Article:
While the Maternity Benefit Amendment Act in 2017 made huge strides by increasing the paid maternity leave from 12 weeks to 26 weeks (6 months) at companies with at least ten employees last year, the Maharashtra State Road Transport Corporation (MSRTC) has now gone the extra mile.
In what would perhaps make it the first ever government institution to do so, the MSRTC will offer its women conductors a paid maternity leave for the full period of nine months.
From a workforce of over 1.04 lakh employees, this move is expected to benefit 4,400 women conductors, reported the Times of India.
A rise in incidents of miscarriages among women conductors seems to have influenced the MSRTC’s decision for the new policy.
Speaking to the Times of India, MSRTC central public relations officer Abhijit Bhosale on Sunday revealed how six incidents of miscarriages among pregnant women conductors were reported in the last few years. This prompted the corporation to reconsider the existing rules.
The driving force behind this decision to extend the maternity leave is said to be MSRTC chairman and state transport minister Diwakar Raote.
As per the previous guidelines that came into effect in November 2010, the corporation earlier offered all women staffers a maternity leave of 180 days or six months. But now alongside the fully paid maternity leave of nine months, the transport giant has also decided to offer its pregnant women conductors the alternative of taking up desk jobs than travelling in buses if they want to work.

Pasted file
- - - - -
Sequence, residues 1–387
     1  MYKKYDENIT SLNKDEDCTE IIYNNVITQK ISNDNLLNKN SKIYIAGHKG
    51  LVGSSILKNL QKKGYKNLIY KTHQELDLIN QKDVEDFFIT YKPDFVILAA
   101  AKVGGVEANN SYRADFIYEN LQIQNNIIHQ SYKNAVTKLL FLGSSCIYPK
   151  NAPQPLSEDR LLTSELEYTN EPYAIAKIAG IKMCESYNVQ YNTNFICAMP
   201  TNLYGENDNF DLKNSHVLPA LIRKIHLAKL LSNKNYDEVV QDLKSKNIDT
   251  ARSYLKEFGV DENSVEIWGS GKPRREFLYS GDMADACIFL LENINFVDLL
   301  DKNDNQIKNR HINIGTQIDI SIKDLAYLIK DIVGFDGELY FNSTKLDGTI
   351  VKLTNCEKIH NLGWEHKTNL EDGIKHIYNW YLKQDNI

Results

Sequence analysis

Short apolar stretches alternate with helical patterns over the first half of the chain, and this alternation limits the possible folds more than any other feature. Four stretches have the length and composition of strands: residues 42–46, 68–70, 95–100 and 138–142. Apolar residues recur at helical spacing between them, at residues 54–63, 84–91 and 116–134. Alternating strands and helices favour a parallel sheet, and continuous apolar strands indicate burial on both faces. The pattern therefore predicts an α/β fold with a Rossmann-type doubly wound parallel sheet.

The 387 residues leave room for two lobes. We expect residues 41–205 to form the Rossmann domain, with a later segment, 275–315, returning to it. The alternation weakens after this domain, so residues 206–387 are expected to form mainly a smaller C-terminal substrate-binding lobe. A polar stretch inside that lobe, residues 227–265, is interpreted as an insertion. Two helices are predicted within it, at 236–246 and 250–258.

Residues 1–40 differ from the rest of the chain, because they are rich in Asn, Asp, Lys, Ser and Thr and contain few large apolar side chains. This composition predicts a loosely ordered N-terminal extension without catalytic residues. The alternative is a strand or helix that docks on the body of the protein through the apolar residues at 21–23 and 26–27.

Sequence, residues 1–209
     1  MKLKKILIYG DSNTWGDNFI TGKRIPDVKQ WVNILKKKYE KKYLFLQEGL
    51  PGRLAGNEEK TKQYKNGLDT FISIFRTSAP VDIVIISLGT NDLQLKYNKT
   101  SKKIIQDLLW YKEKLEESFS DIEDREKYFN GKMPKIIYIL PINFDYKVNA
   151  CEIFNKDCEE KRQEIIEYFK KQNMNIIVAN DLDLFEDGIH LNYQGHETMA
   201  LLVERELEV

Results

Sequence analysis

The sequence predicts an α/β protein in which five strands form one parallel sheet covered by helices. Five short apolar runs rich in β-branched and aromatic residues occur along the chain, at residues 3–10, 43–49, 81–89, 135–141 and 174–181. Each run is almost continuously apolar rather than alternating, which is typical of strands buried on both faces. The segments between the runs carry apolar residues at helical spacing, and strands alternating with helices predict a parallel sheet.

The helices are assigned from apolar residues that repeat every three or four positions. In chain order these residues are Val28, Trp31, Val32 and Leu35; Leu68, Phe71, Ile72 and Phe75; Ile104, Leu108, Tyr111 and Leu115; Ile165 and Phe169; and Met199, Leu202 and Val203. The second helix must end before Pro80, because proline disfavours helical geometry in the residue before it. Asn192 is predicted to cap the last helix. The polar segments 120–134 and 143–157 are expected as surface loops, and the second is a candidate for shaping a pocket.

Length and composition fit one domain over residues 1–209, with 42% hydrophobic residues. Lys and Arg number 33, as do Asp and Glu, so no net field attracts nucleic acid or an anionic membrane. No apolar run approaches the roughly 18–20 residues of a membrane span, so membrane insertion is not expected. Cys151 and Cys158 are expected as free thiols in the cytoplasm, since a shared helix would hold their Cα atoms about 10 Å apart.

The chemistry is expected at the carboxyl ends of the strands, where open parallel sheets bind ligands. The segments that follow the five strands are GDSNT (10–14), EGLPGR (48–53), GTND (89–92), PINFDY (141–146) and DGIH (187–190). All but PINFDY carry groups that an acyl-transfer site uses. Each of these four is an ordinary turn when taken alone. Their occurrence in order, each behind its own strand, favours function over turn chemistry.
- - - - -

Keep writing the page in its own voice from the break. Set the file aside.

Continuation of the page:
Lauding the corporation’s progressive decision, MSRTC Aurangabad division controller Rajendra Patil said that women employees will now feel more valued while they perform their duties.
“The percentage of women in the MSRTC, including conductors, is growing gradually. The decision to step up their leave during pregnancy will send positive signals. It is progressive decision taken by the government,” he told TOI.
Another woman conductor from the Aurangabad central bus stand thanked the corporation saying, “Our bus routes are not always smooth. The chances of harm to the fetuses are high during work hours. We thank the top authorities for giving due consideration to issues faced by women.”